At the recent town hall meetings on the preparation for Synod 2023 held in my diocese, one of the questions asked was, “Whose voice is not heard in the church?” The answer was varied: The young; LGBTQ; women; disabled persons; the homebound; the divorced; single people; lay parish employees; the ‘nones’; traditional Catholics; people of color; those of a different culture or different language; priests–by those above them; the abused.” The follow-up question was: “What prevents people from speaking up?” The main answer was fear–fear of being ostracized, criticized, ignored, or of losing relationships. Others spoke of a general feeling of distrust and the exclusionary culture preventing them from making their needs known.
The lesson for us in the parable of the lost son can be a lesson for us all as we engage in our various local churches in the Synod. Like Jesus, our Church and our parishes must be places where those who are excluded feel welcome to come to Jesus. Let us reimagine our communities as places of welcome by redrawing the lines that separate us.
Families of Parishes and the Parable of the Lost Son
These days, in my archdiocese as in many others, we are redrawing the lines of yet another reality in our lives: our parishes. The latest data on declining church membership, declining sacramental life, and declining clergy has made the Archdiocese of Cincinnati adopt the “families of parishes” model in our reorganization.
I have lived in my neighborhood for twenty-two years. I have talked to parishioners from every parish in my community. There is one sentence I have heard from people in every parish: “You will not catch me going across the tracks!” These boundaries divide us even though we are all so similar. We are all Catholic, yet we have drawn our own boundary lines and treated others as aliens in our community. Now the lines are being redrawn as we reimagine our community. What shall we do?
As a priest, I understand the real fears people have for any change like this–the fear of losing identity, history, parish traditions, and our sense of community. But we can recognize that this is an opportunity for imagination. It is an opportunity to forge new communities with new, shared identities, histories, and traditions. It is a moment to move from being a maintenance Church to a vibrant missionary Church.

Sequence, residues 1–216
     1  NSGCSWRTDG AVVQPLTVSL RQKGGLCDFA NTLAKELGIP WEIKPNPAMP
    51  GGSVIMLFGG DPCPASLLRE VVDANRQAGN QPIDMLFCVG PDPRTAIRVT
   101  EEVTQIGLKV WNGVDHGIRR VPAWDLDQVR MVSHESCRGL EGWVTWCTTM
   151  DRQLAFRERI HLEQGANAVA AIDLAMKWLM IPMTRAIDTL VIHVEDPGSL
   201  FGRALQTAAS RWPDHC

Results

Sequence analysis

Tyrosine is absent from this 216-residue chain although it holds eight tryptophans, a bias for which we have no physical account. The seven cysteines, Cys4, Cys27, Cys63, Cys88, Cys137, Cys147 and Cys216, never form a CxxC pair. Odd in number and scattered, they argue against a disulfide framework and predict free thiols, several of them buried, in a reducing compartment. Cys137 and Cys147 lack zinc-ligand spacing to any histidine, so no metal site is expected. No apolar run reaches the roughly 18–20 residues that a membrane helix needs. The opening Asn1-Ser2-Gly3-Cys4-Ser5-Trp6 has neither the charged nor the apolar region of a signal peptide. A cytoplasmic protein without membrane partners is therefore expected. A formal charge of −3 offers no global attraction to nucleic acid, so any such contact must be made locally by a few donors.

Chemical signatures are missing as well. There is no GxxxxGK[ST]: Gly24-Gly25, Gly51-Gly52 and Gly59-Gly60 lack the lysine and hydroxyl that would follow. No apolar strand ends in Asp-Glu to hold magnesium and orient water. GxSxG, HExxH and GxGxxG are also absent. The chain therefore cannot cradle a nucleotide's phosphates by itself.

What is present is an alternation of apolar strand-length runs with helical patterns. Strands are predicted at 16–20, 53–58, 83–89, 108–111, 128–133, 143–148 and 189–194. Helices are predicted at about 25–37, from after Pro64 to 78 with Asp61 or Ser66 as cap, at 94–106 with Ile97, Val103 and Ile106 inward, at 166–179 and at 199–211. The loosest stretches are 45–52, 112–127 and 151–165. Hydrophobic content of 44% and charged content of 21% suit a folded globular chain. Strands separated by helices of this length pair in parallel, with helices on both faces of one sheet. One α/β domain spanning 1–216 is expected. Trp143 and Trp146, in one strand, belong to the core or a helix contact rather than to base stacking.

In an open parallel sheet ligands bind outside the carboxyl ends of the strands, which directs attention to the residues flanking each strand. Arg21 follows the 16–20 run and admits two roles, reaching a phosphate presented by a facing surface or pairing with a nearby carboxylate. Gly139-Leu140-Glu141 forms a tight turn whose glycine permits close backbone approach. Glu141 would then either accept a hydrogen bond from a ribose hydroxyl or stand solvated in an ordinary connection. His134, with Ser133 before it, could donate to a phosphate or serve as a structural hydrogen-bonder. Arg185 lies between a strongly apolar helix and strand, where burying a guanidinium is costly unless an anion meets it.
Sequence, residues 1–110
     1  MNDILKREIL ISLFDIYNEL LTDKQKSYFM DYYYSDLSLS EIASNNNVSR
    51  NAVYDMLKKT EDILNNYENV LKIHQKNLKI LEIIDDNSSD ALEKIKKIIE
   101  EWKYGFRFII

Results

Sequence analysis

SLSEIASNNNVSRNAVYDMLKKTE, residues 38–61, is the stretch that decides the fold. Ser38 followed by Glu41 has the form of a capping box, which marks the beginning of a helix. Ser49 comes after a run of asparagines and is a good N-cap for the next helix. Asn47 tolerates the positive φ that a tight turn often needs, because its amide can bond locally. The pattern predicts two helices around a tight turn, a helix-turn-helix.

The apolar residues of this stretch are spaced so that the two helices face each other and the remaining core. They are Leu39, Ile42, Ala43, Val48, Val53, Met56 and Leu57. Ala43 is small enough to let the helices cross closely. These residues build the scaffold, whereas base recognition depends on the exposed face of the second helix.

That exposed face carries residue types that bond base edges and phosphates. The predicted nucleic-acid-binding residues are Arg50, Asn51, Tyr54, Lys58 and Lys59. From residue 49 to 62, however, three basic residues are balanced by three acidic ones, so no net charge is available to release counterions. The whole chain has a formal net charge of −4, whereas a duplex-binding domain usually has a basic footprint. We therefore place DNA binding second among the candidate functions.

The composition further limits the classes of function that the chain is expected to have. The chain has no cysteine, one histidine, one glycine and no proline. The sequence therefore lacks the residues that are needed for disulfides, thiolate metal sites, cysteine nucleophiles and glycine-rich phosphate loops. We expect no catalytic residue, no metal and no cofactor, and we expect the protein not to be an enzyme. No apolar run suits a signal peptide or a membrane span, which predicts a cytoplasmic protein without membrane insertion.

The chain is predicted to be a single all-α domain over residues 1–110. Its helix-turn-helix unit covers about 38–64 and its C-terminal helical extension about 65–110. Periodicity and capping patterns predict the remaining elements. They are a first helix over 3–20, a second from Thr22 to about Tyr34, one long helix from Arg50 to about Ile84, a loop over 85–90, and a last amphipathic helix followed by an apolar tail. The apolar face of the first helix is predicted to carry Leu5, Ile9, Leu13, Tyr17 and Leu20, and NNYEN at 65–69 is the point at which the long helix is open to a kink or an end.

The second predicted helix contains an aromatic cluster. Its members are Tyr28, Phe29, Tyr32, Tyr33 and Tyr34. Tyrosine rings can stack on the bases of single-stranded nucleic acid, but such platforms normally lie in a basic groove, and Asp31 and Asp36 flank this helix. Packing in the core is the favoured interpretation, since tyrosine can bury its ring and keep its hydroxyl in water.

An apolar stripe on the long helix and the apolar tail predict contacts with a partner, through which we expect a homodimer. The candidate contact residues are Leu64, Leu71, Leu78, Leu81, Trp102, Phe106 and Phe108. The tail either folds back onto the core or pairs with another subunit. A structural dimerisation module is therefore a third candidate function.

Catholics stand at a critical juncture in our Church. With the Synod which we have been invited to participate in, we have the opportunity to reimagine our community, the Church, and to redraw lines that are inclusive, welcoming, and affirming. We can become even more a Church that builds the kingdom of God rather than the domain of man.
Of course, we should not lose sight of the fact that the parable of the lost son is still a parable of conversion and a parable of God’s reconciling love. If we need to individually repent for the times we have been exclusive, inward-looking, segregating ourselves and our needs far from others, let us come to God in sorrow. Let our repentance also lead us to a resolve to join hands with Jesus in building the kingdom of God.
Fr. Satish Joseph was ordained in India in 1994 and incardinated into the archdiocese of Cincinnati in 2008. He has a Masters in Communication and Doctorate in Theology from the University of Dayton. He is presently Pastor at Immaculate Conception and St. Helen parishes in Dayton, OH. He is also the founder Ite Missa Est ministries (www.itemissaest.org) and uses social media extensively for evangelization. He is also the founder of MercyPets (www.mercypets.org) — a charitable fund that invites pet-owners to donate a percent of their pet expenses to alleviate child hunger. MercyPets is active in four countries since its founding in December 2017. Apart from serving at the two parishes, he facilitates retreats, seminars and parish missions.